Also, Gojetsgo, you forgot another impediment to Winnipeg getting another team. The salary cap. It might have been feasible two seasons ago, when the cap was at 30-40 Million, but the cap has been going up by approximately 9-10% since (2007-08 estimates are that the cap will see a ceiling of $48-49 Million). Add to that another $15-20M in operating costs every year, flight costs (charters aren't cheap, and direct flights to anywhere by Minneapolis, Calgary or Toronto are few and far between), administrative costs, advertising, yadda yadda yadda, you've got a team with an operating budget of $70-80M US. Winnipeggers complain about the cost of concessions at the MTSC now; what happens when you have to increase the beer prices every year to help make up for the potential losses?

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Sodboy, I'm not really sure which facts you're talking about.

There are many facts on both sides of the argument. The fact that you don't "think" Winnipeg is hockey-mad enough to support NHL hockey to compensate for its small size does not make it true. That is just your opinion.

There are many statistics and numbers that can be presented for both sides. I firmly believe that Winnipeg could support NHL hockey again. I believe the raw population of Winnipeg and the perceived lack of corporate support are not what will prevent Winnipeg from being an NHL market again.

There are three big things standing in the way of getting NHL hockey back in the peg:

1) The arena is too small and probably wouldn't generate enough revenue.

2) There are no NHL teams currently available to move and the NHL isn't expanding.

3) Someone will be needed to actually buy a team and move them there.

Under a perfect scenario, these could possibly be solved:

1) The arena could be expanded - hopefully to 16,000 without back-breaking expenses. 17,000 would require massive upgrades that may or may not be even feasible.

2) The first NHL team that may move could come as early as next summer. Other teams are waiting in the wings.

3) There is a quiet potential ownership group led by Moose owner Mark Chipman that HAS been working on the issue. To what extent is unkown.

I beleive these are the issues that can be overcome. The city of Winnipeg has the will and the money to support an NHL franchise.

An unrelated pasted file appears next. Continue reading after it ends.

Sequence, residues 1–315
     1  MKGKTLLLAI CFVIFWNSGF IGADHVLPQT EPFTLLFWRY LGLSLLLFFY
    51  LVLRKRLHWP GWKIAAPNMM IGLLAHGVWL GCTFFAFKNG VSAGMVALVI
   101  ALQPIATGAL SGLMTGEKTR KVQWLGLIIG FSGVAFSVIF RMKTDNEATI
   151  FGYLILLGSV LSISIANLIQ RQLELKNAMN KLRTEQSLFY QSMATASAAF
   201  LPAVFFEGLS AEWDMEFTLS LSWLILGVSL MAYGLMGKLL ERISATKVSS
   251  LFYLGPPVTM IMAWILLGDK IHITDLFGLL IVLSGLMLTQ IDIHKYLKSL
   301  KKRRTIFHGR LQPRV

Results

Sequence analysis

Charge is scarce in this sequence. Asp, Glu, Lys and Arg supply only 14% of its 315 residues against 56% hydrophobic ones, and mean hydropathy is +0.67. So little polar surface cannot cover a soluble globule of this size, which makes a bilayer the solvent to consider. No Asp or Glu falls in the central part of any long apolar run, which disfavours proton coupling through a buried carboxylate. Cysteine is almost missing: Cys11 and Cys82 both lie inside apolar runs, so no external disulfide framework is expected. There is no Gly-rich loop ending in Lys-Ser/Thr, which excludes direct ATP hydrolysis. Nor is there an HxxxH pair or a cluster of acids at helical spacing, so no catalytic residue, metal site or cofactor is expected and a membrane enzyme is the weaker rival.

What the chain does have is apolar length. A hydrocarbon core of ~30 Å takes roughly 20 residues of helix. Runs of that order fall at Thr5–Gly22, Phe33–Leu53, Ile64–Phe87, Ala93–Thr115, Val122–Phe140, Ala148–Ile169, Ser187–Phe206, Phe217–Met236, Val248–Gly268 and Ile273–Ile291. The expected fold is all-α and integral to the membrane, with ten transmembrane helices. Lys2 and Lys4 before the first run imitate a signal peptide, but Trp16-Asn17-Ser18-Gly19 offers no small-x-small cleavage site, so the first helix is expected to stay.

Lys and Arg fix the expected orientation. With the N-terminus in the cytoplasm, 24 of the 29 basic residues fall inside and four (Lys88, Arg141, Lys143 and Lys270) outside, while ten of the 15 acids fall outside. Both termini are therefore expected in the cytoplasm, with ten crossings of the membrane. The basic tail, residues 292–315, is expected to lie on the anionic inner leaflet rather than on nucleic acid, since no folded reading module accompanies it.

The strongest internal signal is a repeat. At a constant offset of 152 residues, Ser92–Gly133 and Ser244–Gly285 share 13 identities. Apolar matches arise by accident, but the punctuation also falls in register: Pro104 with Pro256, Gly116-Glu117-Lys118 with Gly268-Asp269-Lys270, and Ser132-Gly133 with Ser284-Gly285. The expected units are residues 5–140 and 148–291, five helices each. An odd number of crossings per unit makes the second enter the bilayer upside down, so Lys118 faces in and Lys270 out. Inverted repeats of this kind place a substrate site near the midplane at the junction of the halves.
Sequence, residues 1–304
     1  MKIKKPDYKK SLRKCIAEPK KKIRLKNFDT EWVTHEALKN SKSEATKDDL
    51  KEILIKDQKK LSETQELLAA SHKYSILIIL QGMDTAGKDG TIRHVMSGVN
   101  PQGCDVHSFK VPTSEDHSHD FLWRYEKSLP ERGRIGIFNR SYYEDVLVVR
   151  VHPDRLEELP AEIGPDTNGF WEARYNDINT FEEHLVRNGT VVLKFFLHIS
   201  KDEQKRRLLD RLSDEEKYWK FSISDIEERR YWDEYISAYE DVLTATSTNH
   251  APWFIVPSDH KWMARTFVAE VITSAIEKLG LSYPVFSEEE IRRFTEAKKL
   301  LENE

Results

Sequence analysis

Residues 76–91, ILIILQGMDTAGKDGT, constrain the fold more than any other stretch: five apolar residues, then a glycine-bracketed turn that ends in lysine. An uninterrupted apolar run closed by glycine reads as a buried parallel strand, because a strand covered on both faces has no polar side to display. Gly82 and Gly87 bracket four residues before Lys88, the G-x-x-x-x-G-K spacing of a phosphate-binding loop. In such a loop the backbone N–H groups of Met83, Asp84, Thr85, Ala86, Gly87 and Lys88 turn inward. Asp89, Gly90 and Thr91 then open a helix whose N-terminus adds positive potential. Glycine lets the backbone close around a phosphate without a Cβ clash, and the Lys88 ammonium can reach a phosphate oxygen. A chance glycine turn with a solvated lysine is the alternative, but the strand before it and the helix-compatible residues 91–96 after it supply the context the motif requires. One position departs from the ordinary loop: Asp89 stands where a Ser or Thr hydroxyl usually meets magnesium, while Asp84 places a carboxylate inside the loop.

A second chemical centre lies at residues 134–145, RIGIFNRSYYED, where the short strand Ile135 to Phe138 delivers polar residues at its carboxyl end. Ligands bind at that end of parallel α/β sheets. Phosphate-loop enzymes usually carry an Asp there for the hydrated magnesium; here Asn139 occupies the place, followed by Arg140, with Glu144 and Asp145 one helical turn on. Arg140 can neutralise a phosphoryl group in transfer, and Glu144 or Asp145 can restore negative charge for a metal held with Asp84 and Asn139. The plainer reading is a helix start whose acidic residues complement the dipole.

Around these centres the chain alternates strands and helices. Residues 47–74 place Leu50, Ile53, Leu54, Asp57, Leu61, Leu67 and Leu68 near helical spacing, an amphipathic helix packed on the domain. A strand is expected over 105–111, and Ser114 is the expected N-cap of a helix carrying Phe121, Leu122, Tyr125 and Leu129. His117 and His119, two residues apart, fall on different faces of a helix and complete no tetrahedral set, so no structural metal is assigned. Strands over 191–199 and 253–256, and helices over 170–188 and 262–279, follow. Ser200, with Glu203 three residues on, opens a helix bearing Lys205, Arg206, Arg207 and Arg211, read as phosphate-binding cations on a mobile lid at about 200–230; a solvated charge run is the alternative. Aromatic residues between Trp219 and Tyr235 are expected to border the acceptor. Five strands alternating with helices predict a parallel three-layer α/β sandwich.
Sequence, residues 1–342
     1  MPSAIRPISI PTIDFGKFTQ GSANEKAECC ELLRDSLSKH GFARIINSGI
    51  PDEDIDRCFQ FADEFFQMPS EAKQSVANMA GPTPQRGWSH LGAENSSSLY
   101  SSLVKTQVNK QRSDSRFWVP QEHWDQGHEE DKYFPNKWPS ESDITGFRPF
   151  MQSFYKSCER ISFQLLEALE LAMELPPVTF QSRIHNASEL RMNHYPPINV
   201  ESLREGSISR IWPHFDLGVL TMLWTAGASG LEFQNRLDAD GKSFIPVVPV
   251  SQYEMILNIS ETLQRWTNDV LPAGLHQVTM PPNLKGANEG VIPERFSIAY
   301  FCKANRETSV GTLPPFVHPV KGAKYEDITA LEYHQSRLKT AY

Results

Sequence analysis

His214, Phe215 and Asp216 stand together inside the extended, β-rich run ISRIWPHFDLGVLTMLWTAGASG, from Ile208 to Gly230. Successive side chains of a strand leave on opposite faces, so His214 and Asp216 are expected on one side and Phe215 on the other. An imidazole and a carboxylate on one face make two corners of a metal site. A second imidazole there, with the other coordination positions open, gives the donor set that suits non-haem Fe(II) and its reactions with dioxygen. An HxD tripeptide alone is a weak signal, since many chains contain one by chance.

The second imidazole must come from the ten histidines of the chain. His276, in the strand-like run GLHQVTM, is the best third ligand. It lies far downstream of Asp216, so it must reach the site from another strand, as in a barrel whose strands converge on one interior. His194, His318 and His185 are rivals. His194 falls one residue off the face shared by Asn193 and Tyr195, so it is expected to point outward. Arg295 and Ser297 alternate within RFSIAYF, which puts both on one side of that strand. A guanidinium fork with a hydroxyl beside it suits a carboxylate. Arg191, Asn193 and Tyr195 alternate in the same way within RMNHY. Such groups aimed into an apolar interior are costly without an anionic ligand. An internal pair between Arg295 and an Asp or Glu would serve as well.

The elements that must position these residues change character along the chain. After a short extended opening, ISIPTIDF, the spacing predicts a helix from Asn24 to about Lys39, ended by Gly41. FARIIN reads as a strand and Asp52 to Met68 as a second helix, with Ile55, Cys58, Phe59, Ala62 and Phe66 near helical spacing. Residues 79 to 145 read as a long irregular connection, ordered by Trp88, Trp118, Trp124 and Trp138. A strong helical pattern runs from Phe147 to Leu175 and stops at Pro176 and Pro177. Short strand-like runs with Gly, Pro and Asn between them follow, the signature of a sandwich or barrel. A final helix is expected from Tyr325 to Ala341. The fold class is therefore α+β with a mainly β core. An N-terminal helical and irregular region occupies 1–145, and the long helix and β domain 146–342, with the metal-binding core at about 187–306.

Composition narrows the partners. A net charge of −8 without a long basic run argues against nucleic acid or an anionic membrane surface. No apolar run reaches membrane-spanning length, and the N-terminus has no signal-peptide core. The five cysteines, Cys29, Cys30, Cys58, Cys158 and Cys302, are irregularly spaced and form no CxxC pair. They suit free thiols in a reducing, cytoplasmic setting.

I'm not saying it's gonna happen, but if the above three issues are worked out, Winnipeg will be another NHL success story.

Not taking sides today but you can't argue someone's fallacy in logic by using the same one.

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Sodboy, I'm not really sure which facts you're talking about.

There are many facts on both sides of the argument. The fact that you don't "think" Winnipeg is hockey-mad enough to support NHL hockey to compensate for its small size does not make it true. That is just your opinion.

There are many statistics and numbers that can be presented for both sides. I firmly believe that Winnipeg could support NHL hockey again. I believe the raw population of Winnipeg and the perceived lack of corporate support are not what will prevent Winnipeg from being an NHL market again.

There are three big things standing in the way of getting NHL hockey back in the peg:

1) The arena is too small and probably wouldn't generate enough revenue.

2) There are no NHL teams currently available to move and the NHL isn't expanding.

3) Someone will be needed to actually buy a team and move them there.

Under a perfect scenario, these could possibly be solved:

1) The arena could be expanded - hopefully to 16,000 without back-breaking expenses. 17,000 would require massive upgrades that may or may not be even feasible.

2) The first NHL team that may move could come as early as next summer. Other teams are waiting in the wings.

3) There is a quiet potential ownership group led by Moose owner Mark Chipman that HAS been working on the issue. To what extent is unkown.

I beleive these are the issues that can be overcome. The city of Winnipeg has the will and the money to support an NHL franchise.

I'm not saying it's gonna happen, but if the above three issues are worked out, Winnipeg will be another NHL success story.

Not taking sides today but you can't argue someone's fallacy in logic by using the same one.

I'm not using the same. He said that my position was "wrong" because of facts that were presented. I disagreed that the facts that he presented made Winnipeg an impossible location for an NHL franchise. Paraphrasing, he said that Winnipeg WILL be a poor location for NHL hockey and that is evident by facts that I am simply ignoring.

I am not presenting my case as fact. There are facts on both sides of the argument. I am merely presenting my opinion, like everyone else is. I'm not singling anyone out and demanding that others respond to the "facts" that I'm presenting.

That's the difference.

While I do agree that Winnipeg is a better hockey market than any of the non-traditional cities, the truth is that arena was built too damned small. Whoever was in charge of planning really dropped the ball (puck?) on this one.